Organoids are miniature organs generated from stem cells that provide unique in vitro models of organs in health and disease, and hold promises for personalized medicine and tissue engineering. They alleviate the need for animal experiments, as they enable the study of biomedical questions directly in vitro. They have become a cornerstone of 21st century biomedical research, and they still constitute a fast-developing field. In many cases, the tissue responsible for the organ-specific function – the parenchyma – is an epithelium, supported by a specialized matrix called a basement membrane. Examples include the intestine, liver, pancreas, kidney, lung, blood vessels, and skin. The brain also develops from neuroepithelium. Researchers have relied on basement membrane extract (BME) as a 3D matrix for their organoid cultures. BME is currently prepared from so-called Engelbreth-Holm-Swarm (EHS) tumours grown subcutaneously in mice. There is a strong need to develop BME alternatives, which avoid the use of mice, while simultaneously facilitating upscaling and clinical translation. We previously introduced alternative hydrogels that provide optimal physical properties: one based on the synthetic polymer poly(ethylene glycol) (PEG) and another based on the surgical tissue sealant fibrin Unfortunately, one last critical bioactive component, laminin, still needs to be purified from the BME, and has proven very challenging to replace. Here we propose to design and produce recombinant laminin fragments that retain the structure and function of the native protein while being easy to anchor to engineered matrices and amenable to mass-production.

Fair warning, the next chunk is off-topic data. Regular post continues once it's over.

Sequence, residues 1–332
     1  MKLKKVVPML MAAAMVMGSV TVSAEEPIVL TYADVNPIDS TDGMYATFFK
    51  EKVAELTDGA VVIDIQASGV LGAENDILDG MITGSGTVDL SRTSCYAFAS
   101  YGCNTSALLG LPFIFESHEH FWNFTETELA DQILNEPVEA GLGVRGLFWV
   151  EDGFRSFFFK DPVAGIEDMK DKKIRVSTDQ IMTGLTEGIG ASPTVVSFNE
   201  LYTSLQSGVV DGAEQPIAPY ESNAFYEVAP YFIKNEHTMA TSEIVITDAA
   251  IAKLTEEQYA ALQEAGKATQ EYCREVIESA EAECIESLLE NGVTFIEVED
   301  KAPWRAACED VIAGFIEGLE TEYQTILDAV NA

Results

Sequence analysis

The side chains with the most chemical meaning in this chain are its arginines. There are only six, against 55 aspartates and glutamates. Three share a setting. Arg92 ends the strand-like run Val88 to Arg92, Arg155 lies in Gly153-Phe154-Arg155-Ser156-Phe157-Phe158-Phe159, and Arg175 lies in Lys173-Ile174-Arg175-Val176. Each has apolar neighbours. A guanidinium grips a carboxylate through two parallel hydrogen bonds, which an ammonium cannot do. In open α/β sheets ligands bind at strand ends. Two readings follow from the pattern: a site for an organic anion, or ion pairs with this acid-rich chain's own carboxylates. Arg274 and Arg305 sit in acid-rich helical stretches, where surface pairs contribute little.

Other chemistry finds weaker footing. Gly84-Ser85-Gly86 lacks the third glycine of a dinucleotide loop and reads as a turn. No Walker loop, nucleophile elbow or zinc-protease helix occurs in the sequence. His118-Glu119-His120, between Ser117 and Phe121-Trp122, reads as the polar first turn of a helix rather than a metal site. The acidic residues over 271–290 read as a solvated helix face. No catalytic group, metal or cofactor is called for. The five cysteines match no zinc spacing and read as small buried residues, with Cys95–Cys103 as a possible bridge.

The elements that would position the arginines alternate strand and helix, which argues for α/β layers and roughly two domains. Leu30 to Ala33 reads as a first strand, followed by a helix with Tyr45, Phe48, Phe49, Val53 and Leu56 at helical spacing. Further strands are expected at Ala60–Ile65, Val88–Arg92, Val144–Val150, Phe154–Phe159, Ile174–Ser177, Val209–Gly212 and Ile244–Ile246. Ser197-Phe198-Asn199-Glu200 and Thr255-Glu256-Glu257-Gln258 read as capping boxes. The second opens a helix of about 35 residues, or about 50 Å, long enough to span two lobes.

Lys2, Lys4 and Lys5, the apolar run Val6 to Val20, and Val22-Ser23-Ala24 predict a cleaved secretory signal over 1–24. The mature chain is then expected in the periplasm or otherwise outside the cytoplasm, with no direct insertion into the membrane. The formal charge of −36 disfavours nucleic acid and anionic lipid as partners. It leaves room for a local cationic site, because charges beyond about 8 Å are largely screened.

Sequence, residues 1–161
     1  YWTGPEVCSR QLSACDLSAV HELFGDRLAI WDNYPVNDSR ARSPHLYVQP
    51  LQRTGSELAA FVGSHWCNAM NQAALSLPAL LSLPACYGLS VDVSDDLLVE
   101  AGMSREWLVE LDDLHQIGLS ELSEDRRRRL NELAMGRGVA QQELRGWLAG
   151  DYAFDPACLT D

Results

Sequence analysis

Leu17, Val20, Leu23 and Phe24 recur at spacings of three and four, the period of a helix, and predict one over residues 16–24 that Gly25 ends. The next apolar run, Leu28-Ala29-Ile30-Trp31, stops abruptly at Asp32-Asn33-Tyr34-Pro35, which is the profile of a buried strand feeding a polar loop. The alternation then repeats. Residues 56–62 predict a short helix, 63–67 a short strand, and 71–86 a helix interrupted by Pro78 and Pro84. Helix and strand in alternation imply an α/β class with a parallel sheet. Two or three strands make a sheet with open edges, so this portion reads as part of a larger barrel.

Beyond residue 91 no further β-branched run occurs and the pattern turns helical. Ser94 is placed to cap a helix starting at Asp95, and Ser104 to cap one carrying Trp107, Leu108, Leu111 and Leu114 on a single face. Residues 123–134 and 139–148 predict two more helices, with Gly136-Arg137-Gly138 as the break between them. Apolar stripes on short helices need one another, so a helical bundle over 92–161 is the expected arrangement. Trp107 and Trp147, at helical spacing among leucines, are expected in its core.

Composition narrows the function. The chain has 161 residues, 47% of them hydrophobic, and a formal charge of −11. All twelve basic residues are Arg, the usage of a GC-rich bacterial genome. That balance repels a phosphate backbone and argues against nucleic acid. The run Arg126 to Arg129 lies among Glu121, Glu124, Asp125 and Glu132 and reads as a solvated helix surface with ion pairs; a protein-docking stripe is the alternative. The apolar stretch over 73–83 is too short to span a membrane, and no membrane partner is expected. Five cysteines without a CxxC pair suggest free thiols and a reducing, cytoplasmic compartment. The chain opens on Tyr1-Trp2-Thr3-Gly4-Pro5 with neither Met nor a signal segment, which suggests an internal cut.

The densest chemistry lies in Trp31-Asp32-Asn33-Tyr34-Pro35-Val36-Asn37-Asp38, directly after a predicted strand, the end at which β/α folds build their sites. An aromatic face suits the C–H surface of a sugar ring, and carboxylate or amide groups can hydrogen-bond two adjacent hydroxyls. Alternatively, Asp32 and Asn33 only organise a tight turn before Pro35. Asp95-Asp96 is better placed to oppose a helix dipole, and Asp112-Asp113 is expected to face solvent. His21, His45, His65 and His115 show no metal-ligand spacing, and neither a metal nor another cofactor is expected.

Prof. Matthias Lütolf
Co-applicants: Nicolas Broguière, EPFL; Gerald Schwank, ETHZ